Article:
Detalles de publicación

PP 010017

Automatic unsupervised classification of all SDSS/DR7 galaxy spectra

J. Sanchez Almeida (1,2), J. A. L. Aguerri(1,2), C. Munoz-Tunon(1,2), and A. de Vicente(1,2)
(1) Instituto de Astrofisica de Canarias, E-38205 La Laguna, Tenerife, Spain (2) Departamento de Astrofisica, Universidad de La Laguna, E-38071 La Laguna, Tenerife, Spain
Using the 'k-means' cluster analysis algorithm, we carry out an unsupervised
classification of all galaxy spectra in the seventh and final Sloan Digital
Sky Survey data release (SDSS/DR7). Except for the shift to restframe
wavelengths, and the normalization to the g-band flux, no manipulation is
applied to the original spectra. The algorithm guarantees that galaxies
with similar spectra belong to the same class. We find that 99 % of the galaxies
can be assigned to only 17 major classes, with 11 additional minor classes
including the remaining 1%. The classification is not unique since many galaxies
appear in between classes, however, our rendering of the algorithm overcomes
this weakness with a tool to identify borderline galaxies. Each class is
characterized by a template spectrum, which is the average of all the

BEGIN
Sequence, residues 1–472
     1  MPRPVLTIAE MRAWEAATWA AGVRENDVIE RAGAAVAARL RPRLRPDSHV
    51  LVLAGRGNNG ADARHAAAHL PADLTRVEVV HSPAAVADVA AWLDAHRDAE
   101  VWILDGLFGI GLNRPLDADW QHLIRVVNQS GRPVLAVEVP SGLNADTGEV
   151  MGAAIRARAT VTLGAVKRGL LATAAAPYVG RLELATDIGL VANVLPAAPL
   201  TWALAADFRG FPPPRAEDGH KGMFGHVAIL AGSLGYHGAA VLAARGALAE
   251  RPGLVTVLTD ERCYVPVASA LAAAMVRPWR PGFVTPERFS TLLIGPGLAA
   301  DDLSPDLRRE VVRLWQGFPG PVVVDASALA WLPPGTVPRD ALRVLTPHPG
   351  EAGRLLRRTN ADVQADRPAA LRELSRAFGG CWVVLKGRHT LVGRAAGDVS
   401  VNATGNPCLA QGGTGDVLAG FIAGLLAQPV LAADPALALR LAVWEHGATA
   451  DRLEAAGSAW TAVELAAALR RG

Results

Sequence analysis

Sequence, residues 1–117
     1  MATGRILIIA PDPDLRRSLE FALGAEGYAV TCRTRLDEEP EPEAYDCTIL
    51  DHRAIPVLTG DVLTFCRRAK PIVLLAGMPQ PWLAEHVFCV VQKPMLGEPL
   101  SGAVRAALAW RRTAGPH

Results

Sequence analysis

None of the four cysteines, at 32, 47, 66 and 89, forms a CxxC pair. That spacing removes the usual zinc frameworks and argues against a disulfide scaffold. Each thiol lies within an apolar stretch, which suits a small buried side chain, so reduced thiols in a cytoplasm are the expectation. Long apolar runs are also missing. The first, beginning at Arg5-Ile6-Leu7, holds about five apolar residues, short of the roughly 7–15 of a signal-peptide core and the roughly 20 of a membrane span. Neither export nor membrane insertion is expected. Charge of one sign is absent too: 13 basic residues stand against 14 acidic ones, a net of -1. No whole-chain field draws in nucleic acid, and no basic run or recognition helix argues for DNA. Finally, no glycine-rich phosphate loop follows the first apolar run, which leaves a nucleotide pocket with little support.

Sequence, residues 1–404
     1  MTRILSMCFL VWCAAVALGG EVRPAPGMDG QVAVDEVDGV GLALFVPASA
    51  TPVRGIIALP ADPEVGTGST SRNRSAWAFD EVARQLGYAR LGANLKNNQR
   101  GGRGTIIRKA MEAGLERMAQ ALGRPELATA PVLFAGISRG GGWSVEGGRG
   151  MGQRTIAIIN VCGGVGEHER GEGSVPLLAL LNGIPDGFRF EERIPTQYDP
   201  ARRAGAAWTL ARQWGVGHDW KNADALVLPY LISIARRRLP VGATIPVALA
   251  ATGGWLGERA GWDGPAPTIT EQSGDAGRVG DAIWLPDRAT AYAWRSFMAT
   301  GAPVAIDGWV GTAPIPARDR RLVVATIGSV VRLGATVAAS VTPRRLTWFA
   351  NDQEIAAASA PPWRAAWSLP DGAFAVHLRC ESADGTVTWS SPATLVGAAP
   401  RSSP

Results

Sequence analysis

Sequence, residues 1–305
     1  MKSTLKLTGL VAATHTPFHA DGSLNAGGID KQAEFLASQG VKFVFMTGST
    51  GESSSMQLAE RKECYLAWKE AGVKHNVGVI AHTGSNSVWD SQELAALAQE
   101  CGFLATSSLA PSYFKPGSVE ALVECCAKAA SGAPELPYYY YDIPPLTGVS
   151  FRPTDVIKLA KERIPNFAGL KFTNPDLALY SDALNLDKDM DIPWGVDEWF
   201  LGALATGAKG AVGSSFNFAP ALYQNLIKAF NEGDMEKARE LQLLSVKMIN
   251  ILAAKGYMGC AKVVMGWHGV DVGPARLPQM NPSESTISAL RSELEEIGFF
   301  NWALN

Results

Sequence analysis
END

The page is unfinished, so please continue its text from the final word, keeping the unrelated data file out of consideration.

spectra of the galaxies in the class. These low noise template
spectra vary smoothly and continuously along a sequence labeled from 0 to 27,
from the reddest class to the bluest class. Our Automatic Spectroscopic
K-means-based (ASK) classification separates galaxies in colors, with classes
characteristic of the red sequence, the blue cloud, as well as the green
valley. When red sequence galaxies and green valley galaxies present emission
lines, they are characteristic of AGN activity. Blue galaxy classes have
emission lines corresponding to star formation regions. We find the
expected correlation between spectroscopic class and Hubble type, but this
relationship exhibits a high intrinsic scatter. Several potential uses of
the ASK classification are identified and sketched, including fast
determination of physical properties by interpolation, classes as
templates in redshift determinations, and target selection
in follow-up works (we find classes of Seyfert galaxies, green valley galaxies,
as well as a significant number of outliers). The ASK classification is publicly
accessible through various websites.

Classification @

Aceptado para publicación en ApJ | Enviado el 2010-03-17 | Proyecto 310192